Double-Consciousness Under the White Gaze Essay
Double-Consciousness Under the White Gaze
The theme of double-consciousness was first defined by Du Bois in The Souls of the Black Folk. He put the term “double-consciousness” in “a world which yields him no true self-consciousness, but only lets him see himself through the revelation of the other world. It is a peculiar sensation, this double-consciousness, this sense of always looking at one’s self through the eyes of others, of measuring one’s soul by the tape of a world that looks on in amused contempt and pity.
One ever feels his twoness—an American, a Negro; two souls, two thoughts, two unreconciled strivings; two warring ideals in one dark body, whose dogged strength alone keeps it from being torn asunder. “(Du Bois) It is obvious that the protagonist as well as several lesser characters in Maud Martha by Gwendolyn Brooks suffer from this distressing double-consciousness, especially Maud Martha. Maud Martha realized that she was not the cherished one because of her darker skin color at an very early age, thus “to be cherished was the dearest wish of the heart of Maud Martha Brown”.
( Brooks 1650) In her own family, her beloved father preferred her sister Helen because Helen was lighter; At school her schoolmates also liked Helen and ignored her; When she grew into womanhood and got married, her husband Paul also showed a partiality to lighter women. Martha’s father, classmates and husband acted this way because as black people they themselves were treated as inferior creatures all the time by white Americans. Under this white gaze, the value that the black was inferior was accepted and internalized by the gazed over time.
This internalizing also happened to Martha as she struggled all the way to build up her subjectivity. That accounts for her inferiority about her appearance and jealous of Helen her prettier. When a white schoolmate Charles came to visit Martha, she should feel “a sort of gratitude. ” (Brooks 1653) According to Michel Foucault, the gaze is actually imposed upon people by themselves even though it looks like that it is imposed from something superior upon everyone.
No need for weapons, physical violence or prohibition, it takes only a surveillant gaze to humble anyone, to make them the overseers of themselves. Luckily, Martha was a woman with artistic sensibility. Although living an ordinary life in a racist world, still she can find beauty and dignity in her life. When she spared the mouse, she experienced a new cleanness in her because “she had not destroyed. In the center of that simple restraint was—creation. She had created a piece of life. It was wonderful. ”(Brooks 1667) This is a prelude revealing that her subjectivity was budding.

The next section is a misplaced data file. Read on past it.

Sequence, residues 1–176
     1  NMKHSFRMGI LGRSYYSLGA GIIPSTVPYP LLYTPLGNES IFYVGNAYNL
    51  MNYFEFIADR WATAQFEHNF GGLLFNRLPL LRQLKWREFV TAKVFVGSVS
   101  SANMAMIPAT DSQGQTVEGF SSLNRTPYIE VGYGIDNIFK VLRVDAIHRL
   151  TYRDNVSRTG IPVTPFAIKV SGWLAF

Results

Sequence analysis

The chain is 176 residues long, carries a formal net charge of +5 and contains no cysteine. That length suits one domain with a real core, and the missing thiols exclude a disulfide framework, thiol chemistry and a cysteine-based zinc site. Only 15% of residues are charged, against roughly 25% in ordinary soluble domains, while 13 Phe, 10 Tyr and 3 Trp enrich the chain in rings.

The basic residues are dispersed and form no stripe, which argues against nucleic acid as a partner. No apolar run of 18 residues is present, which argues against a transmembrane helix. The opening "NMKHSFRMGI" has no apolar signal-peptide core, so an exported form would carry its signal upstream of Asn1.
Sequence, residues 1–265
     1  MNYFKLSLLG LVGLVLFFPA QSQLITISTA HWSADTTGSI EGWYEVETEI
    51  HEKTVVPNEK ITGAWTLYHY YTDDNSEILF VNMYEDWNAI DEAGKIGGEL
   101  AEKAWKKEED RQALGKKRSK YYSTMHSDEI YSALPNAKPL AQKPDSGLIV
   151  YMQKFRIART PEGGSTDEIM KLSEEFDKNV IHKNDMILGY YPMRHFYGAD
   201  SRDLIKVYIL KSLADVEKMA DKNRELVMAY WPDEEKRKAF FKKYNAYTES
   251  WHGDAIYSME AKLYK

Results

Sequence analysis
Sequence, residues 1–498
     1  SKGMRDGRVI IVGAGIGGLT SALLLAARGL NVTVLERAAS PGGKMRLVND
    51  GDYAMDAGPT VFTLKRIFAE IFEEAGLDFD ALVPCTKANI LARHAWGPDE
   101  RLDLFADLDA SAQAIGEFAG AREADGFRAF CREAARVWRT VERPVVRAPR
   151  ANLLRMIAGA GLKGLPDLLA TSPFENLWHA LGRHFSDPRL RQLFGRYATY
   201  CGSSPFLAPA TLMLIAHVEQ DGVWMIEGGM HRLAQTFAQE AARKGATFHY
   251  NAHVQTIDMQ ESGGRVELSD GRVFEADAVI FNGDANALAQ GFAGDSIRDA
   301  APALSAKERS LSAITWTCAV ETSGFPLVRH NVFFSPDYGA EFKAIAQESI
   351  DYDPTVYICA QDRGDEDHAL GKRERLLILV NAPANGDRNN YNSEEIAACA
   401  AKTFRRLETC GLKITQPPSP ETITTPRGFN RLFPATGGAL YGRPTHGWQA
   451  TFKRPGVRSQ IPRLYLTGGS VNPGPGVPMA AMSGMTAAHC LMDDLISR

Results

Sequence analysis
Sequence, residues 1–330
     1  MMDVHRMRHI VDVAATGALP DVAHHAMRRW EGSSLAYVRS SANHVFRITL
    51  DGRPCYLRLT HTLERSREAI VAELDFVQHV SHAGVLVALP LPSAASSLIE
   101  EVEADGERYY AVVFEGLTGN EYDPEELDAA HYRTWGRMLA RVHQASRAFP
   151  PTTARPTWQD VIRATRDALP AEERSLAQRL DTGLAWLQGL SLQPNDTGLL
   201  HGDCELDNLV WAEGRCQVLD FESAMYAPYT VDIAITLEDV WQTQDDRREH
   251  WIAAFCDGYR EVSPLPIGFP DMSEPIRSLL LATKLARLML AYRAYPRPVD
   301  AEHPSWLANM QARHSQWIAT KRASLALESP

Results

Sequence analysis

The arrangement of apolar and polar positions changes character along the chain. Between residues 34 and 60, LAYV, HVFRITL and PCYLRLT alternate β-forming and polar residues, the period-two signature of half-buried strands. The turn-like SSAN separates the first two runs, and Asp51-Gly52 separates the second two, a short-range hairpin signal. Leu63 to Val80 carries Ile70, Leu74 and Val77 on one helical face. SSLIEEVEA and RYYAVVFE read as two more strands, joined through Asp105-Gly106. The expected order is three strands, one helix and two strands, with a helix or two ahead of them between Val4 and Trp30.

Later when she gave birth to a daughter, her subjectivity was much improved by this motherhood—she did create a new life who was totally dependent on her at that time. At the beauty salon, she was shocked that the salon owner Mrs. Johnson just put up with a white saleswoman’s humiliation of referring them as “niggers”. It is not difficult to associate to what happened when Martha went to millinery with this. She decided against the hat even though the owner promised to cut price, and this lack of manners was attributed to her skin color by the salesgirl.
“Black—oh,black–” Her subjectivity is helpful yet not strong enough to fight everything. When Paul was laid off she went to work as a house maid in the Burns-Coopers’, she experienced that white gaze even more violently because the white woman Mrs. Coopers showed obvious contempt towards her. At this moment, she suddenly realized what her husband had suffered all the time in his working environment. Feeling this humiliation, she quitted the job the next day. She understood better about the struggles and frustrations caused by the white American now, even though she could not do much about it.
She was always sensitive to the exclusion of the Negro in a white world, yet even cannot explain to her little girl why a store Santa Claus did not like her- or even smile at her—a wishful blindness. No matter what, Martha never gave up her love for life. At the end of the novella, Martha’s brother was back from the wars alive and well which made her sense the beauty of life again. She went such a long way fighting the confliction in her life, the problem of double identity and double-consciousness, and found her equanimity finally. So she would think that “At a moment like this one was ready for anything, was not afraid of anything…..
At a moment like this, one could even think of death with a sharp exhilaration, feel that death was a part of life; that life was good and death would be good too. ” This reconciliation can be considered as Martha’s triumph of the struggle. In a word, Maud Martha captures the essence of Black life with regard to their double-consciousness under the white gaze, and Brooks recognizes the beauty and strength that lies within each of us. References: The Souls of the Black Folk, Du Bois, W. E. B. Discipline and Punish: The Birth of the Prison , Michel Foucault Maud Martha, Gwendolyn Gwendolyn.
Subject: White people,
University/College: University of California
Type of paper: Thesis/Dissertation Chapter
Date: 24 January 2017